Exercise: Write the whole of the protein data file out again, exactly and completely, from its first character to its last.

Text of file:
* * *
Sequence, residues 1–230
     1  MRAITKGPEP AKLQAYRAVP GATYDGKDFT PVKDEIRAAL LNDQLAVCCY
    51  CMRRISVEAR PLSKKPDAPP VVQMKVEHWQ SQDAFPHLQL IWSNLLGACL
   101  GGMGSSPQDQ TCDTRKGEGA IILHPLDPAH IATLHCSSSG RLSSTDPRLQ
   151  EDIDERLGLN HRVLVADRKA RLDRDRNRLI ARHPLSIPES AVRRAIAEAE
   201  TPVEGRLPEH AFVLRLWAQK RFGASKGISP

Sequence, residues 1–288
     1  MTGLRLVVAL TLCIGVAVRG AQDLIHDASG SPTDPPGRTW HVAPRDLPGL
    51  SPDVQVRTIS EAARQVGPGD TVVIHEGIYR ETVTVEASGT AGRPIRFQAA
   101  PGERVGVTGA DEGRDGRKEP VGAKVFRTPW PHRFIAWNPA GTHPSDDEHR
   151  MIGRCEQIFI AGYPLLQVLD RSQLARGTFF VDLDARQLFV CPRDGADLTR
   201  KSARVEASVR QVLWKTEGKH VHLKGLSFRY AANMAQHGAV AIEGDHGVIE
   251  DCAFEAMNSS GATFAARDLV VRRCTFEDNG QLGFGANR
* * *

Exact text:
Sequence, residues 1–230
     1  MRAITKGPEP AKLQAYRAVP GATYDGKDFT PVKDEIRAAL LNDQLAVCCY
    51  CMRRISVEAR PLSKKPDAPP VVQMKVEHWQ SQDAFPHLQL IWSNLLGACL
   101  GGMGSSPQDQ TCDTRKGEGA IILHPLDPAH IATLHCSSSG RLSSTDPRLQ
   151  EDIDERLGLN HRVLVADRKA RLDRDRNRLI ARHPLSIPES AVRRAIAEAE
   201  TPVEGRLPEH AFVLRLWAQK RFGASKGISP

Sequence, residues 1–288
     1  MTGLRLVVAL TLCIGVAVRG AQDLIHDASG SPTDPPGRTW HVAPRDLPGL
    51  SPDVQVRTIS EAARQVGPGD TVVIHEGIYR ETVTVEASGT AGRPIRFQAA
   101  PGERVGVTGA DEGRDGRKEP VGAKVFRTPW PHRFIAWNPA GTHPSDDEHR
   151  MIGRCEQIFI AGYPLLQVLD RSQLARGTFF VDLDARQLFV CPRDGADLTR
   201  KSARVEASVR QVLWKTEGKH VHLKGLSFRY AANMAQHGAV AIEGDHGVIE
   251  DCAFEAMNSS GATFAARDLV VRRCTFEDNG QLGFGANR